The old saying, the “The Devil is in the details,” applies to Governor Kim Reynolds’ July 30 press conference in more ways than just the policy she announced.
First, I’d like to discuss the details of the press conference logistics, because that matters almost as much as the substance.
The sound quality was horrible. Almost anyone who has fielded questions knows you either have to repeat the question or make sure there is a microphone available for questions. The governor did neither. I would suggest that instead of having Lieutenant Governor Adam Gregg standing in the background like a praying statue, she could have him take the microphone to reporters asking questions, so the public can hear the question and perhaps understand the response.
I would also suggest that any written guidance to be discussed at a press conference be distributed ahead of time, and that the governor use that document as the starting point.
People with a hearing impairment have children in school too, and they deserve to have some communication. There was no sign language interpreter.
[Editor’s note: Reynolds announced that beginning next week and at least through the month of August, she will go back to holding news conferences on Tuesday and Thursday at 11:00 am, to be televised on Iowa PBS. That should address the sound quality and accessibility problems.]
Now to the substance.
Here’s the Iowa Department of Education and Department of Public Health guidance on “Reopening Iowa’s Schools Safely and Responsibly”:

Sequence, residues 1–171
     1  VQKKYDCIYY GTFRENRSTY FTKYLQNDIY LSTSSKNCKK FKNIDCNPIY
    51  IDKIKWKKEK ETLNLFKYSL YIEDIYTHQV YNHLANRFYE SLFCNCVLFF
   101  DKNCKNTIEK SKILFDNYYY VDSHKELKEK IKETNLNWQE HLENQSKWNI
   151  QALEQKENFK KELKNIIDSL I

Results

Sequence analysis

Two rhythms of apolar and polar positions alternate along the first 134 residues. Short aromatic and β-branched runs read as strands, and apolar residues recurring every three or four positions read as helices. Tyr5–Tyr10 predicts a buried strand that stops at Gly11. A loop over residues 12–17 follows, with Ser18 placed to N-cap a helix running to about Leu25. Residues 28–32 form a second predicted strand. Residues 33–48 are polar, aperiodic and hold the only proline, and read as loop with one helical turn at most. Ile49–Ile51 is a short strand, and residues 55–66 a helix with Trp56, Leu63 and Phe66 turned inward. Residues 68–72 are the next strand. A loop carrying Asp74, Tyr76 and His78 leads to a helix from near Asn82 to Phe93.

Although difficult at times to understand, the main idea of the governor’s press conference was: school districts will not be granted permission for a building or the whole district to transition to remote learning until the county where they are located has a positive COVID-19 testing rate exceeding 15 percent within the past fourteen days, and the district absenteeism rate is 10 percent or higher.
On a chart provided, the above guidance was labeled as “Substantial Controlled.”
I don’t think parents, teachers, and students will believe anything is under control if 10 percent of their friends from school have coronavirus.
The next category mentioned on the chart is “Substantial Uncontrolled.” The actions a district is directed to take are the same ones mentioned under the category of “Substantial controlled,” even though the positivity rate is at 20 percent or higher. That’s just confusing.
All of the above will be based on the ability to test and get results in a timely fashion. That has certainly not been the case so far. I would have loved to hear Reynolds speak about how she is going to assure that local county health departments and hospitals can turn around the results of testing within hours and not days or weeks.
The guidance includes a short paragraph about “Identifying Close Contacts for COVID-19 Cases” if a student tests positive. It does not say whose responsibility it is to begin contact tracing. If we are relying on the memory of a kindergartner or first grader–or for that matter, a high school sophomore–to determine with whom they spent more than fifteen minutes less than 6 feet apart, good luck. Most experts believe contact tracing in a timely and accurate manner is as essential as testing.